Before you go and assume that you know the cardinal sins of the note (or cash flow) business; think again. The business lessons I offer in my articles and newsletter are not the regurgitated, canned, lessons that you will find in every business book or blog you read. No, these are different lessons, really important ones. I run a very busy note business as well as a national speaking career and a tournament bass fishing profession and have little time to waste. So when I write, you better believe it’s going to be real lessons which, if followed, will absolutely change the trajectory of your note business forever. I’m not going to offer advice like, offer a firm handshake, dress well, and don’t arrive late. Those are important, kind of. Honestly, I’ve violated all three of those rules a time or two, and have thrived in my business anyway. The seven deadly sins I’m about to share with you are the ones that will really nail you if you violate them in our small niche business. These babies are lethal. They can put you out of business. Here are the seven deadly sins of the note business. Violate them at your own risk.
Pride: In the note business, stick to pitching your own value proposition and steer away from talking about the competition. If you absolutely feel the need to mention your competitor, then stick to raw facts and figures. There should be no adjectives used when talking about the competition, unless they are good ones. “We buy 100 notes year and they buy 20,” is a perfectly acceptable comparison if you must make one at all. “We buy 100 notes year while they buy a measly 20,” is crossing the line. Scrap the adjectives all together when it comes to talking about the competitor. As a consumer, I am always turned off when a business craps on the competition. I run for the hills, or sometimes run right into the arms of the competitor.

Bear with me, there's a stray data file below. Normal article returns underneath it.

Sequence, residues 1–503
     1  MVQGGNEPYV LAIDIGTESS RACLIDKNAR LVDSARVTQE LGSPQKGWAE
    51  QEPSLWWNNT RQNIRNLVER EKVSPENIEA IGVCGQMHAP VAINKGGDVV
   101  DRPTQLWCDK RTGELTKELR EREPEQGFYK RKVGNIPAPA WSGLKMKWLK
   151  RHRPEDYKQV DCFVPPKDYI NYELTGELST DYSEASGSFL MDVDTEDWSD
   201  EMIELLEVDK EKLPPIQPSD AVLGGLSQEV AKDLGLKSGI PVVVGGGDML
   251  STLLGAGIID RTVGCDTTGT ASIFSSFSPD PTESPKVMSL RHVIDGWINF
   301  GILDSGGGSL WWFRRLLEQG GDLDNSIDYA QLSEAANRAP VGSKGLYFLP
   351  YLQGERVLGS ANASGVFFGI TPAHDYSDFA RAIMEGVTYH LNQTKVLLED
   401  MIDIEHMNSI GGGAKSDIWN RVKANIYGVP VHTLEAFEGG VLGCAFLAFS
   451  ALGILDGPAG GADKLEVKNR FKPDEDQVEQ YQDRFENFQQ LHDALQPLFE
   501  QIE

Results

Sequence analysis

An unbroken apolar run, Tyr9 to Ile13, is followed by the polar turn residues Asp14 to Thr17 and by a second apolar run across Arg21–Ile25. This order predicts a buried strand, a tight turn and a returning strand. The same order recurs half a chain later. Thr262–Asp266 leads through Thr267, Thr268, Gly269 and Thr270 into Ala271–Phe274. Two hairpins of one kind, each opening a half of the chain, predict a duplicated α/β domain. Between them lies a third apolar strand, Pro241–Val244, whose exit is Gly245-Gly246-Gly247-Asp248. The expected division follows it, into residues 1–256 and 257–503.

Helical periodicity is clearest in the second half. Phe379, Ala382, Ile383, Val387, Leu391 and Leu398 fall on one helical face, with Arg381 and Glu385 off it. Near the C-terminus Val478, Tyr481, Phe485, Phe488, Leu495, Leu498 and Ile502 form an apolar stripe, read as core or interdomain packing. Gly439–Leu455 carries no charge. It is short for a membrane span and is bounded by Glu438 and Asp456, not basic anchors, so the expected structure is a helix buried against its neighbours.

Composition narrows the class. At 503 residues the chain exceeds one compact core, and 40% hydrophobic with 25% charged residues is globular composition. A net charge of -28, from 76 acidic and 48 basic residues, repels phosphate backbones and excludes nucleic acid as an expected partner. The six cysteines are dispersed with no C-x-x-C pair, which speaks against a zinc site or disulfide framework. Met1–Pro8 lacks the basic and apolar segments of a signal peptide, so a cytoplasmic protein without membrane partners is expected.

Wrath: Every note holder that contacts you is a potential note seller or has the ability to refer you a potential note seller, even people who recently decided to sell their note through someone else. When you lose a deal, do not freak out. Do not give the lost note holder a piece of your mind. Do not send a nasty email or leave a messy voicemail. Get over the loss and move on. A lost note holder might decide to sell another note to you in the future or might refer someone to you down the road if their relationship goes sour with their current note buyer. Don’t muck up future potential business by being a hothead.
Gluttony: Just because your note holders love you, doesn’t mean they will put up with BS. I quit my dentist last year for this very reason. I had been going to the same dentist for 25 years. I would refer him business whenever I could. I kept his brochures in my drawer to give to people. I had a $120 balance on my account for something that my insurance didn’t cover. Apparently he sent two invoices which I didn’t pay. This is not unusual for me because I throw out all my mail if I think it’s advertising. I then got a call from a collection agency saying my dentist was going to report the $120 balance to my credit bureau if I didn’t pay immediately. I explained to the collection agency that this was the first I had even heard of the balance. I explained that if there was a bill mailed to me, I wasn’t expecting it, and must have thrown it out thinking it was advertising propaganda or, better yet, a thank you note for all the business I had given him over the years! Anyway, your loyal note holders deserve a higher level of service than a note holder you don’t have yet. Don’t piss off the people who already believe in you.